If you’ve been paying attention to the things we’ve been doing lately on this website, and our podcast, you know that we dedicated the entire year of 2012 to doing a podcast series, examining the career of one of the most prolific genre filmmakers of all time, John Carpenter. In that series, each episode tackled, in-depth, each one of the films directed by John Carpenter. This wasn’t a series of reviews, this was a look at the man, his films, what each film meant to his career and an examination of his career as a whole. So, saying we’re huge John Carpenter fans here at The Liberal Dead/Dead Air, would be a huge understatement. As luck would have it, the very next year, a surge of John Carpenter films, previously unreleased in High Definition, have been getting Blu Ray releases. Some will be coming later in the year, from various companies, but when we learn that Scream Factory will be handling one of his titles, the air is filled with excitement. I mean, don’t get me wrong, I’m excited to get the WB titles on Blu as well, but we know Scream Factory loves the genre, and fans of the genre. And, based on their track record, we know each of these releases will set the bar, as to how a catalog title should be handled.
If you were to ask 10 people, which film they immediately think of when they hear the name John Carpenter, nine of the ten will say Halloween. And, don’t get me wrong, I love Halloween. I just don’t think it best represents Carpenter at his best. It would be hard for me to choose just one John Carpenter film as my favorite. He has so many phenomenal movies to choose from. Assault On Precinct 13 has, while simplistic, one of the most catchy, fitting scores of his entire career. Carpenter is also responsible for one of the best films about Elvis, featuring Kurt Russel, in the two powerhouses first team-up, as The King himself. Escape From New York, Prince Of Darkness, In The Mouth Of Madness, Starman, all of these films are some of the best the genre has to offer. And, of course, The Fog, which basically reassembles the team that brought you Halloween.
Though people often refer to Carpenter as the master of horror, very few of his films actually serve as a straight up horror film. Though, to be fair, most people consider Halloween to be the pinnacle of horror filmmaking, and he has made some solid horror output, but most of his films are hard to simply classify as horror and horror alone. The Fog, from the opening scene, to the end credits, is unquestionably a horror film. I’ve always loved the way that Carpenter chose to open the story, with what appears to be a Sea Captain, telling a group of kids a ghost story late at night on the beach. This serves as both a great opening, that leaves one feeling extremely nostalgic for the way stories were told during the 1980s, but it also sets the stage for the events to unfold.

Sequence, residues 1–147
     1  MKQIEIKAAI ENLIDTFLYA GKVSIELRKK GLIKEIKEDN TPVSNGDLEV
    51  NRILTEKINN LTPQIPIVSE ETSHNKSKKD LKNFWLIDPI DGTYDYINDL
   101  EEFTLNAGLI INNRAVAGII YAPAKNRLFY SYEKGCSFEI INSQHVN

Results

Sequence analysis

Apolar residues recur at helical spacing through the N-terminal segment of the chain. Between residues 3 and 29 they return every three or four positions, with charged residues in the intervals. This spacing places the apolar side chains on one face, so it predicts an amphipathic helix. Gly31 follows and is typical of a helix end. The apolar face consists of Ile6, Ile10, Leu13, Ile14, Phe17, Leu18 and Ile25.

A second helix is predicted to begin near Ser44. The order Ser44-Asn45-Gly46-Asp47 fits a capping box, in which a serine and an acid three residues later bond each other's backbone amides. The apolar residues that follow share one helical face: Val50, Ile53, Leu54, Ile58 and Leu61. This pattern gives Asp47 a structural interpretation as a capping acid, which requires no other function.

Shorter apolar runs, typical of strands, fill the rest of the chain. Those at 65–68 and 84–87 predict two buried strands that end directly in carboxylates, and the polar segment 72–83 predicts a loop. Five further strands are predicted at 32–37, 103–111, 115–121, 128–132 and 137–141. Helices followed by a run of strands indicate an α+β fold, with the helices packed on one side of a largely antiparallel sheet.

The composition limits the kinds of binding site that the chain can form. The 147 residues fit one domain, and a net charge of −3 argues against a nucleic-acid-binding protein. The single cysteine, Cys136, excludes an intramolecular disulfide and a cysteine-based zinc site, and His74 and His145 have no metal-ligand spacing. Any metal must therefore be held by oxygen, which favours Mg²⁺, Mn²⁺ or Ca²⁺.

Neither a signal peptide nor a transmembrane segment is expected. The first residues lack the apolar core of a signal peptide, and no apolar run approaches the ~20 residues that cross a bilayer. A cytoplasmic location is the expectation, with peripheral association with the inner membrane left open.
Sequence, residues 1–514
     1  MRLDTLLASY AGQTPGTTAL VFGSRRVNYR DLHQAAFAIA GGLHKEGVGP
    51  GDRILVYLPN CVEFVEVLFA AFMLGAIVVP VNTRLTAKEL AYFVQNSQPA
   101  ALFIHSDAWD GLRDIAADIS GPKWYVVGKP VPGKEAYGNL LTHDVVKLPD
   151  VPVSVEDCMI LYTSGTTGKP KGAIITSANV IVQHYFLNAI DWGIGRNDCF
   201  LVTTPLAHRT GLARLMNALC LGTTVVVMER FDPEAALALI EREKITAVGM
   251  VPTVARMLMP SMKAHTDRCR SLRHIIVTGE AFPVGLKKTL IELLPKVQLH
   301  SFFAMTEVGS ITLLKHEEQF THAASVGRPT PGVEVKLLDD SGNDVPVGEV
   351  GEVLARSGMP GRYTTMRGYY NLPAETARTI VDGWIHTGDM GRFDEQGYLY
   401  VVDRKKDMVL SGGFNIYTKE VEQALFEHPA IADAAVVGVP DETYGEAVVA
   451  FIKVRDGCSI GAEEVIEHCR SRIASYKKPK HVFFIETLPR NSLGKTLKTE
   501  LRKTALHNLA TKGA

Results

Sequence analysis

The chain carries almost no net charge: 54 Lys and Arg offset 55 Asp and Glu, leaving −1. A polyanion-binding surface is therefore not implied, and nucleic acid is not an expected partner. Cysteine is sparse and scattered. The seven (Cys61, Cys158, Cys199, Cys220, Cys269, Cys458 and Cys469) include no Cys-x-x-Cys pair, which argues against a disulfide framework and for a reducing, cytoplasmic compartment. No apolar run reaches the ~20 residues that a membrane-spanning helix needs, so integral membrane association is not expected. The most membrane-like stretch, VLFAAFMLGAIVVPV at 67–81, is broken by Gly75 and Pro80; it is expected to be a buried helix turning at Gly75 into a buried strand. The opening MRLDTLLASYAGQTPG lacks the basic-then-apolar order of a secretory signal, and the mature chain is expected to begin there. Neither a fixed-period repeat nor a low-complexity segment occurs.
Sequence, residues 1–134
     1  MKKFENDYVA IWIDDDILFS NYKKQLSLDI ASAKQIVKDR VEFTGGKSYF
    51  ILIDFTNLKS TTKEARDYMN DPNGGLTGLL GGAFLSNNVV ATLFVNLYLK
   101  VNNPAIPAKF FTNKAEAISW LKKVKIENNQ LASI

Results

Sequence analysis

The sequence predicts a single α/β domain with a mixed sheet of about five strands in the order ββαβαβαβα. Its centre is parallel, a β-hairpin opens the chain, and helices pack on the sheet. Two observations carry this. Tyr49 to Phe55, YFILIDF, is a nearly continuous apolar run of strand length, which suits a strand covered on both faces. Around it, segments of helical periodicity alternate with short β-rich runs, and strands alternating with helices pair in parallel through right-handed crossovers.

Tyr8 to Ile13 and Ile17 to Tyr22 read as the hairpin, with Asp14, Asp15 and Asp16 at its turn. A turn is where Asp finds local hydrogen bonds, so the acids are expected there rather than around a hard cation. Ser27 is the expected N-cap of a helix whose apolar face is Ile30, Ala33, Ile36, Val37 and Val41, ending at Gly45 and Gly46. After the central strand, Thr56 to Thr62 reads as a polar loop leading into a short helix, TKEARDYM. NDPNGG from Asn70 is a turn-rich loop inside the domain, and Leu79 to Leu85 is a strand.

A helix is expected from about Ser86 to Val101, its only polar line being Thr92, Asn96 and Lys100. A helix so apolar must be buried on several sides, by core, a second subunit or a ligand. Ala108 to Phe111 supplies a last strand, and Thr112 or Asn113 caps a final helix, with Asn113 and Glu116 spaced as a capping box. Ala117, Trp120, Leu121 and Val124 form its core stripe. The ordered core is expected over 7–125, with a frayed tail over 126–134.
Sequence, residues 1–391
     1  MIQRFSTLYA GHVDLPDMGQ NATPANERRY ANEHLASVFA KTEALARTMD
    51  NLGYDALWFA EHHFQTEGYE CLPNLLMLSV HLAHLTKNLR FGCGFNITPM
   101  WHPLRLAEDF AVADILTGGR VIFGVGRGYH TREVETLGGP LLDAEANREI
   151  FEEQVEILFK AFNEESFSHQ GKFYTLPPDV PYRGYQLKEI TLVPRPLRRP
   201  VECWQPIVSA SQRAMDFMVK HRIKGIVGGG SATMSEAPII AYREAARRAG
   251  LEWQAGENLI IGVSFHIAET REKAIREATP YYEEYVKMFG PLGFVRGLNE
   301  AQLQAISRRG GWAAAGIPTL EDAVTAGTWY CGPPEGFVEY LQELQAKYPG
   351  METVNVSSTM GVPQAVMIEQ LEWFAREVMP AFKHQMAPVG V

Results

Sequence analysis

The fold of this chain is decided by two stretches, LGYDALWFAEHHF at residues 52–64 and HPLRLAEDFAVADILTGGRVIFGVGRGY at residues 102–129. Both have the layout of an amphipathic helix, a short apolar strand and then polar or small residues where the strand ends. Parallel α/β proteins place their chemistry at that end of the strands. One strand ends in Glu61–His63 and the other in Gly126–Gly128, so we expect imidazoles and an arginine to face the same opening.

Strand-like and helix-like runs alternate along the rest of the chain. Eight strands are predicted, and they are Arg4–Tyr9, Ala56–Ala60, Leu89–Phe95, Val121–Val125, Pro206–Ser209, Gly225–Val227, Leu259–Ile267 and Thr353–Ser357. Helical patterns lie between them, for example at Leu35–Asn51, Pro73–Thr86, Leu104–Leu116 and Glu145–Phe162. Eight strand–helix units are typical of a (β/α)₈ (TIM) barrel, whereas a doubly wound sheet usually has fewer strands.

Another staple of the 80s that was utilized in JC’s The Fog, is Mister Tom Atkins, certified badass. The relationship that develops between Atkins’ character, and Jame Lee Curtis’ character, is solid, and believable. So much so that you can even excuse the fact that in one scene, he’s picking her up, hitchhiking on the side of the road, and then in the next scene, they are naked in bed together, exchanging names. Atkins and Curtis are powerhouses, as always, but the entire cast does a phenomenal job at bringing this supernatural tale to life. If, like us, you are well versed in the universe that has been created by John Carpenter and his films, you will recognize many of the faces, in front of, and behind the camera.
What’s do I even need to say about the video and audio quality of this release. I’ve heard some complaints about the color timing, but even in ‘extreme’ cases of this, such as Twilight Time’s Blu Ray release of Night of the Living Dead 1990, I have found that the outrage is mostly unjustified. The same applies here. The Fog looks better than it ever has in any previous home video incarnation. Film grain is still present, as that’s the way a movie that is shot on film is supposed to look. Blacks are solid, colors pop, details are well displayed. The audio is even more superb than the video. This is definitely the best home viewing experience I’ve ever had with John Carpenter’s The Fog. Scream Factory have quickly become the “shut up and take my money” distribution house of the year. Everything they release is of phenomenal quality. The best video and audio quality you’re ever going to get, and nine out of 10 of their releases are stacked with more extras than most people will ever be able to even consume. The Fog is no exception to this rule. If you are a fan of this film, then THIS is a release you should purchase, without question.
The Blu Ray